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BUSINESS
January 9, 2009 | Times Staff and Wire Reports
A former Peregrine Systems Inc. chief lawyer pleaded guilty to bank fraud two months before he was to go on trial for participating in a scheme that destroyed the software firm, once valued at $4.7 billion. Richard Nelson, 49, pleaded guilty in federal court in San Diego to defrauding banks of $150 million from a line of credit Peregrine obtained in July 2001 that he later learned was based on phony sales figures.
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BUSINESS
December 16, 1999 | Karen Kaplan
Software makers Peregrine Systems Inc. and GoldMine Software Corp. announced a partnership to jointly market their products. As part of the deal, San Diego-based Peregrine will buy a 10% stake in GoldMine for $82.7 million, giving the privately held company a market value in excess of $800 million. Both companies make software to help companies keep track of business contacts, customer services, and other company information.
BUSINESS
December 31, 2008 | TIMES WIRE REPORTS
A former Peregrine Systems Inc. controller was sentenced to two years in prison for his role in the fraud that destroyed the software company once valued at $4.72 billion. Berdj Rassam, 42, pleaded guilty in February 2007 to one count of securities fraud. He faced a maximum sentence of 10 years in prison. Prosecutors had sought a sentence of three years, five months. Rassam's lawyer asked for a sentence of probation with no time in jail. Prosecutors charged 18 people in a multimillion-dollar accounting scam to falsely inflate profit and boost Peregrine's stock that sent the San Diego company into bankruptcy in 2002.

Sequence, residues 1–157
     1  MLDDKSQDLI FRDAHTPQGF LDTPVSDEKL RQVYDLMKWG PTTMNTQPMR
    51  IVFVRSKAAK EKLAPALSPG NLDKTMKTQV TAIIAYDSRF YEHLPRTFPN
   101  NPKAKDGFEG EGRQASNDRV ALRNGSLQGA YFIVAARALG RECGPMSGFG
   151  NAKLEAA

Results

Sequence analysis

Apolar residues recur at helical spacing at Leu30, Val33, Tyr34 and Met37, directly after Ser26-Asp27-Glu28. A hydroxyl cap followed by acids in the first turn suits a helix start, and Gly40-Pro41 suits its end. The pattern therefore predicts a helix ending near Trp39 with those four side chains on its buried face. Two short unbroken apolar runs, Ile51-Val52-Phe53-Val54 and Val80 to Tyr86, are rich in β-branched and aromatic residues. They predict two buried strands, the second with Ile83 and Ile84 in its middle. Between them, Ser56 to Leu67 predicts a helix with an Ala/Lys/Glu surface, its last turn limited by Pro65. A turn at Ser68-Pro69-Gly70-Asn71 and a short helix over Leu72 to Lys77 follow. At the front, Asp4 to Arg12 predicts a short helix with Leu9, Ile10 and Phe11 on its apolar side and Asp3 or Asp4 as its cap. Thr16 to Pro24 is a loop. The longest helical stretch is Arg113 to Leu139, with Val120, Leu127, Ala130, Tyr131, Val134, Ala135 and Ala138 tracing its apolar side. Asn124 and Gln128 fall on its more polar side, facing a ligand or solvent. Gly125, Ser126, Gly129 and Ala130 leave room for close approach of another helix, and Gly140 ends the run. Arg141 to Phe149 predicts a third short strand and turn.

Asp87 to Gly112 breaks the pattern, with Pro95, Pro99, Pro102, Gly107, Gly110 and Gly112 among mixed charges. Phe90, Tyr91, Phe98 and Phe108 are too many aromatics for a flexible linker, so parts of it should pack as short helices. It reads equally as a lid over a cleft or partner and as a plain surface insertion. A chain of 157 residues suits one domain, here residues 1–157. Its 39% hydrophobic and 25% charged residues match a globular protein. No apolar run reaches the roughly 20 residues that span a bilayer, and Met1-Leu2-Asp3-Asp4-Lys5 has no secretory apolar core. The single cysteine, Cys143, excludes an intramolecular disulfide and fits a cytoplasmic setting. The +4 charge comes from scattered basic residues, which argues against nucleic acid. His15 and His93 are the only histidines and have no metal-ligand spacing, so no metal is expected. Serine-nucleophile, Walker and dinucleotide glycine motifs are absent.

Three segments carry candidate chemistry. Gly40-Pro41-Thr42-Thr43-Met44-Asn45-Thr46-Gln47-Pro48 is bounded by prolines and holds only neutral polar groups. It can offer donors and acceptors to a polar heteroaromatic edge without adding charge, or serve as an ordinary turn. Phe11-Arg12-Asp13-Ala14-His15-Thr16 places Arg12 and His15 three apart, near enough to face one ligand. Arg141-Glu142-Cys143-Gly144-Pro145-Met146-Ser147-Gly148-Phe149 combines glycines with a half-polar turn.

BUSINESS
January 9, 2009 | Times Staff and Wire Reports
A former Peregrine Systems Inc. chief lawyer pleaded guilty to bank fraud two months before he was to go on trial for participating in a scheme that destroyed the software firm, once valued at $4.7 billion. Richard Nelson, 49, pleaded guilty in federal court in San Diego to defrauding banks of $150 million from a line of credit Peregrine obtained in July 2001 that he later learned was based on phony sales figures.
BUSINESS
March 2, 2000 | Times Staff; Bloomberg News
Just say "Palm" and see what happens. That may be what more tech companies will be thinking after San Diego-based Peregrine Systems (ticker symbol: PRGN) saw its shares soar $15.25 to a record $69.88 on Wednesday. The trigger: Peregrine, which makes software for computer-system help desks, announced that its ServiceCenter software will run on the Palm system.
BUSINESS
February 7, 2008 | From Times Wire Services
A former KPMG executive will pay $80,000 to end claims that he helped Peregrine Systems Inc. defraud investors, the Securities and Exchange Commission said. Larry Rodda, a former managing director at the accounting firm's consulting arm, agreed to the fine without admitting or denying wrongdoing, the agency said. The SEC, in a 2004 lawsuit naming Rodda and eight others, said he knowingly signed four sham software agreements in 1999 and 2000 that let San Diego-based Peregrine improperly record $22 million in revenue.
BUSINESS
December 12, 2008 | from times wire reports